I especially love their huge collections of fantastic dollhouses. Almost all of them fully functionally and presented with such ingenious attention to detail you almost want to move in. Some of them are so richly made, it’s quite incompressible somebody was allowed to play with them (check out the website).
Note: There are huge areas dedicated to actually playing games, so bring some extra time!
6. Hangman’s bridge & Weinstadel
The Hangman’s bridge (German: Henkersteg) is quite the unique historic ensemble you should not miss on your Nuremberg tour. The roofed wooden bridge connects St. Lorenz quarter with the Trödelmark Island.
While there is a little museum inside the Hangman’s tower, your main reason to visit is the beyond than picturesque setting. Right next to the tower you will find the Weinstadel – a medieval half-timbered house of epic proportions (in fact the largest in Germany). Definitely put it on your list of things to see in Nuremberg!
7. Fembo house / City Museum
Another ancient house, this time from the Renaissance period, is the Fembo house. It is the only surviving aristocratic house in Nuremberg from this period and now houses the city museum (there are a couple of others, but they were heavily damaged or utterly destroyed during WWII)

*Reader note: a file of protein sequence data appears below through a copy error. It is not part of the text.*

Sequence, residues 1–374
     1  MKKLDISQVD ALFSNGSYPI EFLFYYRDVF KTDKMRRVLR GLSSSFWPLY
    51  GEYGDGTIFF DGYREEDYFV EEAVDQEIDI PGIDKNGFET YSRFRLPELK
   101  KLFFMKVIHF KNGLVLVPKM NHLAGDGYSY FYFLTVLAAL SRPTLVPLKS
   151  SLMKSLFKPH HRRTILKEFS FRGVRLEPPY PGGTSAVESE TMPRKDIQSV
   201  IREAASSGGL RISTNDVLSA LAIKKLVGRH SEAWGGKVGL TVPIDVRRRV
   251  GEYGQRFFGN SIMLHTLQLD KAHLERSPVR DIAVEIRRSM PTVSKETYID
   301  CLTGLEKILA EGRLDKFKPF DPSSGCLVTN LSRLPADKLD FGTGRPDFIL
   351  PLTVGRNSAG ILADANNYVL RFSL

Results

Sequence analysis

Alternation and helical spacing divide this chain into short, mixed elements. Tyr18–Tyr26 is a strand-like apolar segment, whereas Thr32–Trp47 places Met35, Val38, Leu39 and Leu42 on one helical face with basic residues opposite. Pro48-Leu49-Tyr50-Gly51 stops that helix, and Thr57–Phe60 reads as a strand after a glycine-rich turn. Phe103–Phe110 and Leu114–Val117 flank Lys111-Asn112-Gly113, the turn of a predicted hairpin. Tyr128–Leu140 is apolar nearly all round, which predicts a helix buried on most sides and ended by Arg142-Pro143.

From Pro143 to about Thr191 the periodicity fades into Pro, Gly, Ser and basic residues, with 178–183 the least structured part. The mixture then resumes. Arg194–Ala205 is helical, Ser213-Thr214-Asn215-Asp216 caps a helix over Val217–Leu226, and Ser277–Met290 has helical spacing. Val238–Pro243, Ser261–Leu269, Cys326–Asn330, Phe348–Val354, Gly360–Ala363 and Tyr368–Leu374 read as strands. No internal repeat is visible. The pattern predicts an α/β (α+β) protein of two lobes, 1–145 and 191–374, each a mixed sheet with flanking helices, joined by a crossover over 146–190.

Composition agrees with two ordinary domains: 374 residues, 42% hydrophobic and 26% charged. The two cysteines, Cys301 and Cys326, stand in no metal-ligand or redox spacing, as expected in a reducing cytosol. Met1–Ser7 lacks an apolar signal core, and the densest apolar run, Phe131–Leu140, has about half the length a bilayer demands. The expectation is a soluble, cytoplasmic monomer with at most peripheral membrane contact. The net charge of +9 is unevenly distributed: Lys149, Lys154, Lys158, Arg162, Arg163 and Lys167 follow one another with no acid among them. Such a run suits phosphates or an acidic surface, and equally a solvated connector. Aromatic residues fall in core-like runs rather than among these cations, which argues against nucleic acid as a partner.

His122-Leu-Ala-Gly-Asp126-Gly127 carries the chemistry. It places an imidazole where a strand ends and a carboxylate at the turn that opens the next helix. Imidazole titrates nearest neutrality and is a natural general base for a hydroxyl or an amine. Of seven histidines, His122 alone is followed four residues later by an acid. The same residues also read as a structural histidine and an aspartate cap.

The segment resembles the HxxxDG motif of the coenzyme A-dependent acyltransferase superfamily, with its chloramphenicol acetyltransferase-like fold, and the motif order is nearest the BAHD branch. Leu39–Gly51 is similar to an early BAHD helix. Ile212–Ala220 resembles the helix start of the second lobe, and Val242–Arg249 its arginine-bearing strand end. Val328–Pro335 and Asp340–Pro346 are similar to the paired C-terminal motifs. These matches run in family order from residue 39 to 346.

I want to be honest with you. The city museum itself is probably not very interesting for foreign tourists, but being able to tour a house dating back to the late 15th century is utterly priceless. There are a couple of noteworthy rooms, especially on the 2nd story, that you really have to see! Here is the website.
Pro tip: You only have to pay entrance to two city museums. So, if you visited the Dürer house and the toy museum, the Fembo house will be free for you! (just keep your tickets!)
8. St. Sebaldus Church
The St. Sebaldus Church ( St. Sebald) is the oldest Protestant church in the city. Inside you will find the tomb of the city patron of the selfsame name. The shrine counts among the most important bronze sculptures from the late medieval time in Germany.
The church itself is quite noteworthy as well. Especially the choir at the far back of the church is exceptionally lovely! As you will pass St. Sebaldus on your way up to the castle anyway, there’s no reason not to stop for a minute (or two!)